12. A brief reference may also be made to a judgment of this Court in Husseinbhai Ebrahim Bohri v. Navayug Chitrapat Co. Ltd., 70 BomLR 390 : AIR1969Bom194 wherein Nain J. has explained what a cause of action means in a Rent Act suit. It has been laid down that even in a Rent Act suit the cause of action is the termination of the tenancy and not the ground of ejectment stated in the plaint. On page 393 of the report I find the following exposition of law (at p. 197 of AIR):
'In a suit for eviction filed by a landlord against a tenant the right to sue and to get judgment arises from the determination of the tenancy by efflux of time, expiration of notice to quit or otherwise as provided in S. 111 of the T. P. Act. It is then that the landlord becomes entitled to evict or to recover possession from the tenant, Section 12 of the Bombay Rent Act provides that no ejectment shall ordinarily be made if the tenant pays or is ready and willing to pay standard rent and permitted increases.
It provides a protection for the tenant against eviction after determination of tenancy. It creates an impediment in the way of the landlord recovering possession. Section 13 of the Bombay Rent Act provides certain conditions under which the protection of the tenant is taken away and the impediment in the way of the landlord recovering possession is removed. These conditions are termed 'as grounds of ejectment'.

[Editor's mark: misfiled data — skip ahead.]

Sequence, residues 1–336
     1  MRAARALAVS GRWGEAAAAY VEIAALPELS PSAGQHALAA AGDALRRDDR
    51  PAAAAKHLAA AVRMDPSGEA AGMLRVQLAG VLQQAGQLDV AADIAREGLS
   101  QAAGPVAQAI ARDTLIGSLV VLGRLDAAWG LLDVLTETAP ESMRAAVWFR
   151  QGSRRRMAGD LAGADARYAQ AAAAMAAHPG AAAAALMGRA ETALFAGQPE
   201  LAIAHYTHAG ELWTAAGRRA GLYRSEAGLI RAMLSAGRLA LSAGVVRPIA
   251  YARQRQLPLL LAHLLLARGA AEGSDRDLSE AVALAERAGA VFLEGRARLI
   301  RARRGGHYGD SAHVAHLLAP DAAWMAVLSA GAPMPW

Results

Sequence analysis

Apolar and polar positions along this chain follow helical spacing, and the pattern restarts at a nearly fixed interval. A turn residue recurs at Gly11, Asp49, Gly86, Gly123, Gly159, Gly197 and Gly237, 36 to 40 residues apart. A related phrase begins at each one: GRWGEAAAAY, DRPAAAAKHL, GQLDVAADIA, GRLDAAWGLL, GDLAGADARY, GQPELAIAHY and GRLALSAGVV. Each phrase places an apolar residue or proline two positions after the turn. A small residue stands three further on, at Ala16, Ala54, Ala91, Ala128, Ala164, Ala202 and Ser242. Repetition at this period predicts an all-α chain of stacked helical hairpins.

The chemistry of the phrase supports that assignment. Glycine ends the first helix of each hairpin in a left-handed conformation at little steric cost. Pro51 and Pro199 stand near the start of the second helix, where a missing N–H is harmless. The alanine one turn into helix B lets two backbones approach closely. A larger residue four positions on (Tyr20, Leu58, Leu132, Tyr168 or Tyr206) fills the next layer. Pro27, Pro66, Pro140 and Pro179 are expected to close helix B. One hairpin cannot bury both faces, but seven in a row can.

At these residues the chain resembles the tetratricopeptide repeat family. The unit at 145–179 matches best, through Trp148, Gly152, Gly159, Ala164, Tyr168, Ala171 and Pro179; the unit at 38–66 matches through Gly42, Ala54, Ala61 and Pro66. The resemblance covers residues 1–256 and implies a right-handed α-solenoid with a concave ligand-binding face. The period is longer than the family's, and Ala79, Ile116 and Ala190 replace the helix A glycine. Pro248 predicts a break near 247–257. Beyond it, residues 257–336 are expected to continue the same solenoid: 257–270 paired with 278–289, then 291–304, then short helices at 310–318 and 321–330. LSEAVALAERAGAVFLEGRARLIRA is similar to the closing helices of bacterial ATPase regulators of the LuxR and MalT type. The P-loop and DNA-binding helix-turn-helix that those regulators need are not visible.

The stage of recovering possession from the tenant on one or the other ground mentioned in the Rent Act, therefore, is reached only when the landlord has crossed the stage of the determination of the tenancy as provided under the Transfer of Property Act, Nain J, while deciding the abovementioned case relied upon a judgment of Bal J. who had taken the same view earlier. That the determination of a contractual tenancy is a sine qua non of a suit for evicting a tenant under the provisions of the Rent Act is also mentioned in another judgment of the Supreme Court In Abbasbhai v. Gulamnabi, : 5SCR157 . In that case it has been specifically mentioned that S. 12(1) applies to a tenant who continues to remain in occupation after the contractual tenancy is determined; it does not grant a right to evict a contractual tenant without determination of the contractual tenancy. In Bhaiya Punjalal's case the Supreme Court has also quoted briefly a part of the judgment of a Division Bench of this Court in Raghubir Narayan Lotlikar v. G. A. Fernandes, : AIR1953Bom76 . That judgment is also to the effect that a suit either under S. 12 or under S. 13 of the Bombay Rent Act cannot be filed unless before doing so the tenancy of the tenant has been determined in accordance with the provisions of the T. P. Act. In the face of this long line of decisions it is impossible to hold that Puwada Venkateswara Rao's case : 3SCR551 dispenses with the requirement of a notice before filing a suit under the Bombay Rent Act.
13. In the result, the petition must fail. Rule is discharged with costs.
14. Petition dismissed.